Tag Archives: Ben Nealon

Murder with Class

A JUDGMENT IN STONE

New Alexandra Theatre, Birmingham, Monday 20th February, 2017

 

Formerly the Agatha Christie Theatre Company, the Classic Thriller Theatre Company hopes to emulate its earlier success by expanding the range of writers it draws upon, and so we have this adaptation of a Ruth Rendell novel, delivered in the company’s solid and classy style.

I don’t know if it exists in the book, never having read it, but this version, by Simon Brett and Anthony Lampard, uses the device of alternating scenes of the police investigation with flashbacks leading up to the brutal murder of the Coverdale family.  Past and present collide and keep us hooked on the developing mystery.

Sophie Ward is excellent as the dowdy housekeeper, Eunice Parchman, hiding what to her is a terrible secret.  As the detectives, Vetch and Challoner, Andrew Lancel and Ben Nealon exude an air of easy professionalism.  Mark Wynter amuses as the smug patriarch George Coverdale, while Rosie Thomson as his wife is the life and soul of the household.  Joshua Price mills around as the bookish, oddball son, and Jennifer Sims brings emotional depth to her role of Melinda, the daughter home from university.  We know the family is doomed – it’s a matter of when and by whom that keeps us intrigued.  They’re all so terribly middle-class, calling each other ‘darling’ all the time, that we perhaps don’t much care about them as individuals.  Rather our sympathy lies elsewhere – but that would be telling.

The usually glamorous Shirley Anne Field dresses down as cleaner Mrs Baalham, and Deborah Grant muttons up as outlandish postmistress and religious crank, Joan Smith.  Revelation of the night (apart from the whodunit) is former Blue singer Antony Costa delivering a nice line in character acting as the reformed criminal and gardener, Rodger Meadows.

Julie Godfrey’s set epitomises the country house mystery, but it also communicates a message about the permanence of the class system – this is a story with class, in more ways than one.  Director Roy Marsden keeps the action flowing seamlessly between the two timelines, using Malcolm Rippeth’s lighting design to mark when we are, as well as to highlight certain dramatic moments.

It all makes up for a solid and reliable piece of entertainment, excellently presented.  We may guess who is responsible, but when the murder scene finally arrives it is no less shocking.  Pace and tone are handled expertly to deliver the goods.

The Agatha Christie Theatre Company is dead; long live the Classic Thriller Theatre Company!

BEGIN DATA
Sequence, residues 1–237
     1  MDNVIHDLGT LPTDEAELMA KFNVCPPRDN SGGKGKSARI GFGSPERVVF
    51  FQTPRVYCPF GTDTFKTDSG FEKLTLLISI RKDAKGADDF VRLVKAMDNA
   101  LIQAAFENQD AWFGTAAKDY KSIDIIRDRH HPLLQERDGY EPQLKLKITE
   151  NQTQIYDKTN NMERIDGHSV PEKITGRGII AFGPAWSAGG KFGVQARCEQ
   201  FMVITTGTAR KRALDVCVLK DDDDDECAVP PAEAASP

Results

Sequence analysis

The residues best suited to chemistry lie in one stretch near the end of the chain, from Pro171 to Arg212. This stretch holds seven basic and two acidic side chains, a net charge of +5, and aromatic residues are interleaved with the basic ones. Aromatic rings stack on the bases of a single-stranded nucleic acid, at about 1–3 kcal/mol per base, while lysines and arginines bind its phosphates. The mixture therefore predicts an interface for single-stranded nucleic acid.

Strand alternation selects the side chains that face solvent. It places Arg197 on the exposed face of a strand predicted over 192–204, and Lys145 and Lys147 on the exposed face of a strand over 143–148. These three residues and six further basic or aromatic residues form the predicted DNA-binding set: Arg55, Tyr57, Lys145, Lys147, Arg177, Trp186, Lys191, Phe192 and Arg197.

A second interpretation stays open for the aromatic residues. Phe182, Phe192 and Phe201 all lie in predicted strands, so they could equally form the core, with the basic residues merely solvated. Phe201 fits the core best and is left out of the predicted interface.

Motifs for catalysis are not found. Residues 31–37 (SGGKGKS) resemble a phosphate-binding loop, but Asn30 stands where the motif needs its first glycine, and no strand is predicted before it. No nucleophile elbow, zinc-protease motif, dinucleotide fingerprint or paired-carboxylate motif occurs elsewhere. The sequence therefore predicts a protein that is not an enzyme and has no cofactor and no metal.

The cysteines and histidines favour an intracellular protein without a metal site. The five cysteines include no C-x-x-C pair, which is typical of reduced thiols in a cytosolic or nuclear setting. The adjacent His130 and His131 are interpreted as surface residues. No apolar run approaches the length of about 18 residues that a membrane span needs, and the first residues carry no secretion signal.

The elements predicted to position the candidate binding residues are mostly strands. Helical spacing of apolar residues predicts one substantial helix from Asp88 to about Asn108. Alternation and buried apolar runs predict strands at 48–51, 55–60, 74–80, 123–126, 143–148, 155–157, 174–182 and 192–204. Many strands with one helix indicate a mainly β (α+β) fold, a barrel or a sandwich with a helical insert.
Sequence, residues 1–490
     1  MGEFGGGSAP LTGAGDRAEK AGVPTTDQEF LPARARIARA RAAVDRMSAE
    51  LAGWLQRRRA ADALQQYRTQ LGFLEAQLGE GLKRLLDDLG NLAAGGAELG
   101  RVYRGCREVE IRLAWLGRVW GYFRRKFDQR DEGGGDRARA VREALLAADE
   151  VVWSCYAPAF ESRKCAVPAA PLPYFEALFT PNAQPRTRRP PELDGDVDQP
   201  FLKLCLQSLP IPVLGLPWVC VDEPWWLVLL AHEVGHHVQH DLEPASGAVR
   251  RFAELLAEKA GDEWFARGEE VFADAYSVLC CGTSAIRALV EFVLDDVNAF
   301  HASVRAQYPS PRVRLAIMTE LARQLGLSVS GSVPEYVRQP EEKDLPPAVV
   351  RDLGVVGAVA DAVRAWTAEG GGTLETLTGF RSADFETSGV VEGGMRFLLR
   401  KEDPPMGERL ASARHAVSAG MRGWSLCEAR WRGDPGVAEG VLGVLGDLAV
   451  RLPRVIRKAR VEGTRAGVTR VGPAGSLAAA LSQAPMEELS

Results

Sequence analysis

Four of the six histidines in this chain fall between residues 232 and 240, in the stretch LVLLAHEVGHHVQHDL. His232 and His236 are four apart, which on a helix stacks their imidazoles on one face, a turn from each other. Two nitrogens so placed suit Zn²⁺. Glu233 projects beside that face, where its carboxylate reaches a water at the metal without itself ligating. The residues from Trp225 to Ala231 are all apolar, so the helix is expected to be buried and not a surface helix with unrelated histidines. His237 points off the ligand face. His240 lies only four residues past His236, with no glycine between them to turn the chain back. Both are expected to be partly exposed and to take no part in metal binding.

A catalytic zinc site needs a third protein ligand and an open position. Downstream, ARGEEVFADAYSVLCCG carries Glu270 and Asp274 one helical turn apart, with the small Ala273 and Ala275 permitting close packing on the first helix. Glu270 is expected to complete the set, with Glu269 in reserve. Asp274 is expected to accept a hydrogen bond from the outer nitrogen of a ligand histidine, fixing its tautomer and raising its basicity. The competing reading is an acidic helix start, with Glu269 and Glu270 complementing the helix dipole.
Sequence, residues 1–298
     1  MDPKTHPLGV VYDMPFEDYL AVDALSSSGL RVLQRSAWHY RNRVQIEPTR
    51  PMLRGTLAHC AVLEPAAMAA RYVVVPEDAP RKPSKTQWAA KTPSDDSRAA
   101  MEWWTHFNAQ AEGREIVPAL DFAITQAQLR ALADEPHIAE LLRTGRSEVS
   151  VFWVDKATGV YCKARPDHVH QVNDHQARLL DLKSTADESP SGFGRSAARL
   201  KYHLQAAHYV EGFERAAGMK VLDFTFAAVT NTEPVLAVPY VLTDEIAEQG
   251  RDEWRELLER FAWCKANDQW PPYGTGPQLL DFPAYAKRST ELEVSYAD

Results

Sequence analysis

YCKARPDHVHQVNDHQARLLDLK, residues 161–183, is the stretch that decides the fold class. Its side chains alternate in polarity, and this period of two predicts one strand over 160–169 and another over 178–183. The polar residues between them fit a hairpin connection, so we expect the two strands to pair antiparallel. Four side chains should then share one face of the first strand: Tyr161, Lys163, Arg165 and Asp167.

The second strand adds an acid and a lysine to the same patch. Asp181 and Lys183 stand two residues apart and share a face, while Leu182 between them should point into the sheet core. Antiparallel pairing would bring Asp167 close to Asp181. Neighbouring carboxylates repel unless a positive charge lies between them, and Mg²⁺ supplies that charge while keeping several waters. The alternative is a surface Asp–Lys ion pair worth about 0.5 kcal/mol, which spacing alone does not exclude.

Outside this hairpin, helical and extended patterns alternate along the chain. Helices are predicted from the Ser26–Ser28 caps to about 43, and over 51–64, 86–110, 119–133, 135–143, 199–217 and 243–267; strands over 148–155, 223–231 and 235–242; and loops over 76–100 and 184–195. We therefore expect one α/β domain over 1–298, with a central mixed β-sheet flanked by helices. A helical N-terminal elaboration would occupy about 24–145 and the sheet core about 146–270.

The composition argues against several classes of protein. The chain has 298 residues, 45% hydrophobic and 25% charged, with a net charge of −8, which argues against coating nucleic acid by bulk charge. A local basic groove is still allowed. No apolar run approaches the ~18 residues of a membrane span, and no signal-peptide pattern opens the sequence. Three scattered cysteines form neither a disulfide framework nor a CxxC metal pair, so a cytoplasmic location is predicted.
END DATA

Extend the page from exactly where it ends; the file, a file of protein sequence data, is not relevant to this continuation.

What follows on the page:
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Sophie Ward (Photo: Mark Yeoman)

 

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Sharp Practice

REHEARSAL FOR MURDER

Belgrade Theatre, Coventry, Monday 9th May, 2016

 

The whodunit is a staple of the touring theatre circuit.  We enjoy trying to puzzle out the identity of the killer – there is pleasure in being proved right and, if wrong, there is admiration for the writer and the production that has led us so merrily up the garden path.  In this respect, David Rogers’s adaptation of a story by Ricard Levinson and William Link (the writers of Murder, She Wrote, no less) is no different from others doing the rounds.  How it differs, how it sets itself apart from and above most of the rest, is with a sophisticated structure and a truly clever conceit that, I readily admit, I didn’t twig.

Set in an empty theatre (shades of The Woman in Black) playwright Alex Dennison (Robert Daws) sets up for a reading of his latest work.  It’s all a ruse to unmask the murderer of his fiancée, the actress Monica Welles (Amy Robbins) a year ago.  The cast assembles and through a series of flashbacks, Dennison narrates events of that fateful night and then stages new scenes, hoping to catch the conscience of the killer.  He has a police officer ready-planted in the stalls…

As mastermind Dennison, Daws owns the stage, able to drop out of narrator mode into some highly-charged emotional scenes.  Amy Robbins brings old-school glamour to the role of the ill-fated Monica, while Robert Duncan is good fun as irrepressible old luvvie David Mathews.  Susan Penhaligon is enjoyable as Bella, the overbearing producer, delivering some of the show’s best lines with relish.  Steven Pinder is good as neurotic director Lloyd, and there are energetic performances from Ben Nealon as the ‘juvenile’ Leo Gibbs and Lucy Dixon as ‘ingenue’ Karen Daniels.  It’s all slightly larger-than-life and on the leeward side of camp, making for an enjoyable watch and an intriguing mystery.  Despite being told from the off, we are going to be deceived, I genuinely don’t see the reveal coming.

Roy Marsden directs with an assured hand.  The sophisticated structure is handled with clarity and style, making for a delightful evening and a fresh take on a popular genre, expertly performed by a likeable ensemble.

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Calling the shots: Robert Daws


Murder Most Fine

AND THEN THERE WERE NONE

Grand Theatre, Wolverhampton, Tuesday 3rd February, 2015

 

The Agatha Christie Theatre Company revisit this classic mystery for their current UK tour; I saw their 2008 production but I couldn’t for the life of me remember who done it. Even if I had, or if you know the story, there is much to enjoy here. This kind of old-fashioned, solid entertainment provides opportunities to see some of our finest character actors doing their thing.

A group of strangers gathers in a large house on a remote island. They have been invited there under false pretences. Early moments are like the first night in the Big Brother house as they introduce themselves to each other (and to us) before the tension begins its slow burn, and they start popping their clogs. The deaths seem to be related to an old rhyme that in this politically correct age is now about ten little ‘soldier boys’ – everything else is in keeping with the 1930s setting.   The art deco architecture of Simon Scullion’s set is remarkable.